Epic gives providers more tools in new interoperability push
- Epic announced it will this month release a new functionality for healthcare organizations to interact and work with patient data in an EHR, as opposed to just sharing data across organizations.
- The platform, called One Virtual System Worldwide, includes the ability to book patients directly into a provider's schedule and search patient data across organizations and across notes and documents, including free text.
- The Verona, Wisconsin-based company is already working on bringing a duplicate clinician order alert system into future functionality.
Legacy EHR vendors, staring down increased demand for interoperability, are remixing their products to keep with the times and customer needs.
Epic's new functionality contains three components with whimsical names: Come Together (for data gathering), Happy Together (data presentation) and Working Together (for acting with the patient data).
The latest effort builds on Epic's other recent platform updates addressing interoperability. In September, the company launched Share Everywhere, allowing patients to grant health data access to providers outside their network.
Epic is betting that patients will get on board. MyChart will soon reach 68 million patients with lifetime accounts, Sean Bina, vice president of access applications at Epic, told Healthcare Dive just after Share Everywhere was announced. Epic customers already exchange more than 2.3 million patient records per day.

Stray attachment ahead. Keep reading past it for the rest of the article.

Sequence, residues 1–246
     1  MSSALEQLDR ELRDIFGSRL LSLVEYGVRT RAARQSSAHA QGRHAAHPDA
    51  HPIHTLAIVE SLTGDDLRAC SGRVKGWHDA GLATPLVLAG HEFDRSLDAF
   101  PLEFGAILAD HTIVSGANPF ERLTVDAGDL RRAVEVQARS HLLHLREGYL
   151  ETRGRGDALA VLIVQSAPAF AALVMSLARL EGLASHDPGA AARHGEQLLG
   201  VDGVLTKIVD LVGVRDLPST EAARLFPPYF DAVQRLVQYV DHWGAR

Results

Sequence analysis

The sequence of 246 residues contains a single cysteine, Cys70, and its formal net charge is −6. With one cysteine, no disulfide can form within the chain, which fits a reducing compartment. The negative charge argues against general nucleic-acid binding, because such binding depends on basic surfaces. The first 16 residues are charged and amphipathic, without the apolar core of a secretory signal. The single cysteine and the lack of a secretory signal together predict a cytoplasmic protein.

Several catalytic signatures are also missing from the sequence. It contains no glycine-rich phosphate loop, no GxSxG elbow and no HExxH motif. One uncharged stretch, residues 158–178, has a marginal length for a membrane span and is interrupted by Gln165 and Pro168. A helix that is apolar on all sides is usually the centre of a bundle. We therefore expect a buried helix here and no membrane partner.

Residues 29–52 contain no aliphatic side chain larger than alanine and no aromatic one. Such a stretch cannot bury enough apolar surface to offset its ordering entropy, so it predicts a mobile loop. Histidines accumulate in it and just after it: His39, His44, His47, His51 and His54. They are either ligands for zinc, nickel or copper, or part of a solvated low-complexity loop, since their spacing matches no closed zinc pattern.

Also, the medical record market is moving toward mobility, albeit slowly. In January, Apple announced a test version of a personal health record for iPhones. The product could prove to be the ultimate testing ground for PHR products, which historically have not fared well.
Whether Apple's product is a success or not, clearly the healthcare industry is grappling with the fluid movement of health data. And it's a sign of the times in an increasingly consumer-minded healthcare ecosystem.
Look no further than Epic's press release for another totem of change. The company is now referring to itself as the creator of a "comprehensive health record and interoperability network."
“The EHR is so last year,” Epic CEO Judy Faulkner said in September.
Epic expects adding tools to its product for both patients and clinicians can attract more users.
The company isn't the only vendor making moves. Athenahealth, for example, has also added a calendar feature to its core product line. EClinicalWorks is rolling out a virtual assistant.
These add-ons are a part of improving product functionality to build customer loyalty and find new revenue streams. But the features may be necessary as healthcare becomes more networked and new competitors enter the market.
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